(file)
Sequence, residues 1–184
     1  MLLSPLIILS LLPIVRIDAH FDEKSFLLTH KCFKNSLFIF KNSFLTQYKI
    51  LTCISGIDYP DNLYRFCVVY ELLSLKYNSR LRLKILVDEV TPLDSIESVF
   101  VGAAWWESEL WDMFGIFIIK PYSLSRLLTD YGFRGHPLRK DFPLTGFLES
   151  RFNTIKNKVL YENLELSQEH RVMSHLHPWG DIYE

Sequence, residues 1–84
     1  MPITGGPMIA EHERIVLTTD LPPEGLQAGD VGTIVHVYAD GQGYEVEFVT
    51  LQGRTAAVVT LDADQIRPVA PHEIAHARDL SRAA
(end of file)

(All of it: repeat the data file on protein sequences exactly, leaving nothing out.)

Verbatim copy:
Sequence, residues 1–184
     1  MLLSPLIILS LLPIVRIDAH FDEKSFLLTH KCFKNSLFIF KNSFLTQYKI
    51  LTCISGIDYP DNLYRFCVVY ELLSLKYNSR LRLKILVDEV TPLDSIESVF
   101  VGAAWWESEL WDMFGIFIIK PYSLSRLLTD YGFRGHPLRK DFPLTGFLES
   151  RFNTIKNKVL YENLELSQEH RVMSHLHPWG DIYE

Sequence, residues 1–84
     1  MPITGGPMIA EHERIVLTTD LPPEGLQAGD VGTIVHVYAD GQGYEVEFVT
    51  LQGRTAAVVT LDADQIRPVA PHEIAHARDL SRAA